Finally, she emerges and studies her face in the mirror as she washes her hands. The brown skin, large eyes, silver strands glinting within thick black waves that frame her face and tumble down her shoulders. Her father’s eyes. Her father’s nose. 

She does not look like she has lost her mind. Only my dad, she thinks. She gives herself one last look before she dries her hands and walks out. 

It is not until she is at her gate, staring at its blue sign with white lettering, that it dawns on her. B9. She looks around for the cart, even though she had seen it pull away from B9 with her own eyes. She remembers the moment the man climbed in, how they’d locked eyes before he’d taken his seat. He had given no special sign of recognition, but they had both known that they had been there together in the terminal before he had disappeared.

She sinks down at the end of a row of stiff connected chairs, her backpack taking up most of the seat behind her. She lets out a deep sigh and looks around at her fellow passengers, each passing the time in their own way. A man she guesses is in his sixties sits nearby, legs crossed, happily working a crossword, occasionally popping a Cheez-it into his mouth. She watches him out of the corner of her eye as he periodically turns to the table next to him and murmurs something in a tender voice. Not wanting to be intrusive, several minutes pass before she finally looks at the table and notices the soft black netted carrier, a tiny calico cat nestled inside. The cat seems unbothered by the noise or confinement, content to rest near its companion.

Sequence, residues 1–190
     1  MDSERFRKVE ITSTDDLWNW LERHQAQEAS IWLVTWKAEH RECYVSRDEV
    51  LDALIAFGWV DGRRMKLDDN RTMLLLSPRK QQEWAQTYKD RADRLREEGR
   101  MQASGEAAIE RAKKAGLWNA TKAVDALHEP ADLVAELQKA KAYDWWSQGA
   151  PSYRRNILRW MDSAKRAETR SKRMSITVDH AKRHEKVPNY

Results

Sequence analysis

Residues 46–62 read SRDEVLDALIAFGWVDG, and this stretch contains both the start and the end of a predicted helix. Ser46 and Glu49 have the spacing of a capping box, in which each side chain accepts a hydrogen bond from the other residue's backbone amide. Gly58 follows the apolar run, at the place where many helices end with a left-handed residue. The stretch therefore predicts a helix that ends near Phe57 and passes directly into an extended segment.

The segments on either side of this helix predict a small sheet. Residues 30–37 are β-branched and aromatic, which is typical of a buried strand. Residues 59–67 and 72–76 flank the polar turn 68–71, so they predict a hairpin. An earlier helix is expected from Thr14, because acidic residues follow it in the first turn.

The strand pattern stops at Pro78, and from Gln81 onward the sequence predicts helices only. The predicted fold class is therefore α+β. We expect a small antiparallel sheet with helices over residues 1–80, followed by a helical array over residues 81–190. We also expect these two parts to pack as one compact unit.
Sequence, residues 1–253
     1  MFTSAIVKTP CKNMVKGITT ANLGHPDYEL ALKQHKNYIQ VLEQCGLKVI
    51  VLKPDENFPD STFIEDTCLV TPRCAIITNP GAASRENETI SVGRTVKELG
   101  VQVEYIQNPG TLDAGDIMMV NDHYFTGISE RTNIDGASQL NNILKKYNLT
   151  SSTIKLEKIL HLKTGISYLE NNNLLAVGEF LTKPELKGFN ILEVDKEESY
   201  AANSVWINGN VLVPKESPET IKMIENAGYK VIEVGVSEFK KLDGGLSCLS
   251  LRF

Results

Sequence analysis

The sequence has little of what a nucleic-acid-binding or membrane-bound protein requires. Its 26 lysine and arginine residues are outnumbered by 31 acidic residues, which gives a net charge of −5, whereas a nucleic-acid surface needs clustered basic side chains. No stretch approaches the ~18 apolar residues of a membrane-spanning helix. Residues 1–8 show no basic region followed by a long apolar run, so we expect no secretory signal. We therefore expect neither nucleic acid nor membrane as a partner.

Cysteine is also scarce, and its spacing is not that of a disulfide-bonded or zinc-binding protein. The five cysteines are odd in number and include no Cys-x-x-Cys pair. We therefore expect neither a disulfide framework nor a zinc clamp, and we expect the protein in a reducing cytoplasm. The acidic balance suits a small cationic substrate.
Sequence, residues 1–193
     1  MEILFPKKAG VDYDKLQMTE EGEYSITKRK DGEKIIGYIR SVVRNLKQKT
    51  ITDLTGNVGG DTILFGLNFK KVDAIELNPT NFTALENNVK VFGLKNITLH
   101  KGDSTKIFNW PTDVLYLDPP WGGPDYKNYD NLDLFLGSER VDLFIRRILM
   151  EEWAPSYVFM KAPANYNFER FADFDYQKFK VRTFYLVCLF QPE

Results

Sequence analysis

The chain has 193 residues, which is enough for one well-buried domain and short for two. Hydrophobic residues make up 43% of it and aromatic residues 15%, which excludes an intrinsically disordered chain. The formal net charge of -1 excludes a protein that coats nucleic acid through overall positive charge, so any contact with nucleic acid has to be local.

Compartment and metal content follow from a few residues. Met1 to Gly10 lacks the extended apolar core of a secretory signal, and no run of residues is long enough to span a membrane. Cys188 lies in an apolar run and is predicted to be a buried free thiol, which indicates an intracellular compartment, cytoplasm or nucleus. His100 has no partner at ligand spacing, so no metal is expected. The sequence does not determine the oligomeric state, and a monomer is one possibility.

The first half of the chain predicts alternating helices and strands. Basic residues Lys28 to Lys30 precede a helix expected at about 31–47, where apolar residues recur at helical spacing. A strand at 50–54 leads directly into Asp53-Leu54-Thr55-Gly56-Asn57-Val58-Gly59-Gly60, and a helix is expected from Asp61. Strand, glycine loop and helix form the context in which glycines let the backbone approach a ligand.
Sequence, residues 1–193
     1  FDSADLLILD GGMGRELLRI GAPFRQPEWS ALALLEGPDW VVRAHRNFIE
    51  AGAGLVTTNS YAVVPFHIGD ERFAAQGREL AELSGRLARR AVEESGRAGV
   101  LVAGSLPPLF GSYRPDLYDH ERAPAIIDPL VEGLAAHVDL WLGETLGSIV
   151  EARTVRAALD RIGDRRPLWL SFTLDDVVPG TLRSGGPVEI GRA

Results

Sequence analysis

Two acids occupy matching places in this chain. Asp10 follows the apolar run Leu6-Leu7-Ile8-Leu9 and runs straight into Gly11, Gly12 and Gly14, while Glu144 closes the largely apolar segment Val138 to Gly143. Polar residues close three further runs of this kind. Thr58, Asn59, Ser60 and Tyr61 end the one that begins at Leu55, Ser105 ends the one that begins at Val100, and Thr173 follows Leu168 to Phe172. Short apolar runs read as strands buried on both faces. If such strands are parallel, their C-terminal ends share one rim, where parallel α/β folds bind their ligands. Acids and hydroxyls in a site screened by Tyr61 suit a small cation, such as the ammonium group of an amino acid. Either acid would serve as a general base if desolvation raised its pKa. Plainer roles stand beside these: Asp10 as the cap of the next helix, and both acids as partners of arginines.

The man catches her gaze and smiles. “She’s good with trips,” he says, pushing his glasses up onto the upper bridge of his nose.

She smiles back. “It must help how you keep letting her know you’re there,” she says. 

He returns to his crossword and she pulls out her phone. Her child’s father has texted a photo of their kid laughing, eyes closed, snuggled into a pile with his dad and stepmom’s puppy and toddler. It was the kind of photo she would have forwarded to her dad. She thinks fondly of the man she had followed through the terminal, the matter of who had left the other by now irrelevant.




Filed under: Fiction

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Sharleen Mondal (she/her) is Associate Professor of English at Ashland University, where she teaches literature and writing. Her scholarly and creative work explores issues of race, gender, sexuality, and religion in the context of empire and immigration. She is a proud three-time VONA alum and has numerous publications past and forthcoming, including an excerpt of her novel-in-progress in NELLE.